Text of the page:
Five new businesses are being showcased at the first Foundry Fest on Wednesday, July 30 at 6:30 p.m. at the Station on York in Fredericton. The celebration of local business and entrepreneurship concludes the inaugural year of the Dr. J. Herbert Smith Centre for Technology Management and Entrepreneurship’s (TME) Summer Institute Foundry program at the University of New Brunswick.
The diverse businesses coming out the Foundry program have gone from concept to revenue in under three months, finding support and companionship in their peers in the program.
“The best thing Foundry could offer us was this team,” says Kati Waygood who created Waygood Mobile Therapy for chronic health care patients who cannot or do not want to travel to a clinic or gym. “I’m expanding my business prospects by getting an additional degree in Alberta next year. Before the program, I wasn’t sure what my future would be in New Brunswick but now that I’ve got this support network, I know I can return.”
Kayley Reed has put off her master’s degree from the esteemed Parsons School of Design in New York to expand her socially-conscious fashion company in Fredericton with business partner, Kyle MacNevin. Together, Reed and MacNevin have created Wear Your Label, a style-savvy clothier that aims to take the stigma out of mental health.
“We never expected to get 30 pre-orders this quickly – and internationally too,” says MacNevin. “Three months ago, we didn’t even have a shirt to show off and now we can screen print our own. We’ve learned so much.”
“That’s been such an important part of this program,” Reed adds. “Our design mentor, Philip Leblanc, was able to help us put designs to fabric rather than being at the mercy of a distant supplier. It has been a great way to test the market with little risk.”
Reed and MacNevin are now setting up studio space downtown. Their Do-It-Yourself attitude is reflected in another Foundry peer, fiber artist and educator, Anna Haines. Haines, a recent grad from the New Brunswick College of Craft and Design, has an impressive collection of designer pieces to her name, winning international awards. However, Haines’ passion for fibre arts (i.e.creations from wool) is half in the teaching. The young Frederictonian aims to sell kits and teach her craft worldwide through video tutorials while enjoying the lifestyle a smaller city can provide.
“Not only do I love teaching, but the educational side of [my business] Ploome financially supports my own art creation,” Haines says after releasing her first online tutorial. “This business is giving me the freedom to be an artist and stay close to home. I’m excited for the day that I can hire a team and afford other artists this same opportunity.”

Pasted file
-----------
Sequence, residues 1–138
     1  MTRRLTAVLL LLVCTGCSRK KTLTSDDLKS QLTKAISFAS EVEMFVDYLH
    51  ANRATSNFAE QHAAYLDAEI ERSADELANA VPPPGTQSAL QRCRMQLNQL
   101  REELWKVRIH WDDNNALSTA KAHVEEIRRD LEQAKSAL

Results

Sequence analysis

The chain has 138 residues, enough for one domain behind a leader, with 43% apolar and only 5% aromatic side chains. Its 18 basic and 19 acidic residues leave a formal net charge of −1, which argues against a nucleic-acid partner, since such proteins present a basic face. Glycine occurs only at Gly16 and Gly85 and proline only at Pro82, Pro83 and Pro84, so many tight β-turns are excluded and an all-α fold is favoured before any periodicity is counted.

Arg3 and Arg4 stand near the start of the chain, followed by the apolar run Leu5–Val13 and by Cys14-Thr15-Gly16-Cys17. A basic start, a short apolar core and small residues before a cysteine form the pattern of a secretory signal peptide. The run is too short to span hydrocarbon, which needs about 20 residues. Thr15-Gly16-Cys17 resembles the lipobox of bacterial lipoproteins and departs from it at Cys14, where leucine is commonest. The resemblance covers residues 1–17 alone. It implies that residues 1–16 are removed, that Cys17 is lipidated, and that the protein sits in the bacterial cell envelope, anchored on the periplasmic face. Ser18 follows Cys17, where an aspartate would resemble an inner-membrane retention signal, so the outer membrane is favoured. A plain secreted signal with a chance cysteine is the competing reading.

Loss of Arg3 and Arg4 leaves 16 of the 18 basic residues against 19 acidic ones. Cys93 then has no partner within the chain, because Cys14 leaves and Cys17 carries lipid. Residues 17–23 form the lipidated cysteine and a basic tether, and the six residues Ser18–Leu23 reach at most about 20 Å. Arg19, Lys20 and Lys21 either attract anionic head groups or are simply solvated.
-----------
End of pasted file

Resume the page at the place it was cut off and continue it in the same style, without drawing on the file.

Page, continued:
Providing opportunity for others is a common theme among the Foundry grads who unanimously hope to create lasting jobs for others in the community. Danny Nguyen is especially motivated by creating job prospects – even for his parents. With the support of his family and friends, Vietnamese-Canadian Nguyen has launched Beyond Saigon, a Vietnamese Street Food joint with lunch delivery by bicycle. Nguyen noticed that banh mi sandwiches were taking off in Toronto and wanted to introduce the popular street food to Atlantic Canada.
“This has been a gift to my family,” Nguyen explains. “Starting Beyond Saigon has given my parents [formerly an architect and doctor] a chance to work together in a second career for a different stage in their life.”
Nguyen hopes to grow and franchise Beyond Saigon while helping new immigrants get adjusted to life in Canada. Meanwhile, he has partnered with local bakery Café d’Ici to supply his sandwich baguettes and keep revenue in the community. He is optimistic about expansion, but is starting small with lunch catering to businesses and meetings.
Local food is a shared concern for all of the businesses, perhaps none more so than Oasis Farmery. Business partners Jake Wildman-Sisk and Andrew Mathis have been busy engineering modular aquaponic growing systems to help develop a distributed local food supply. Anyone will be able to buy one of their kits and raise trout or tilapia while growing vegetables using very little land or water resources.
“We’ve been working on this idea for months,” explains Wildman-Sisk, “but Foundry and partnering up with Andrew [a classmate and engineer] has allowed us to turn that business pitch into a prototype. Doing so has helped us reformulate the economics and business model of our product, and completely rebrand it.”
“This program asked us to start small which made our prototype more affordable and approachable,” Mathis adds. Still, it requires a ton of trial, error, and improvisation so I’ve been happy to put my engineering education and research into action. We’re quite proud that our prototype came in under budget.”
Each business will be sharing their story and progress at Foundry Fest on Wednesday evening. Community members are invited to join a celebration of local business on the evening of July 30 at The Station on York. You can buy your tickets online.
Media contact: Gracen Johnson: 506-260-6655, firstname.lastname@example.org, http://summerinst.ca.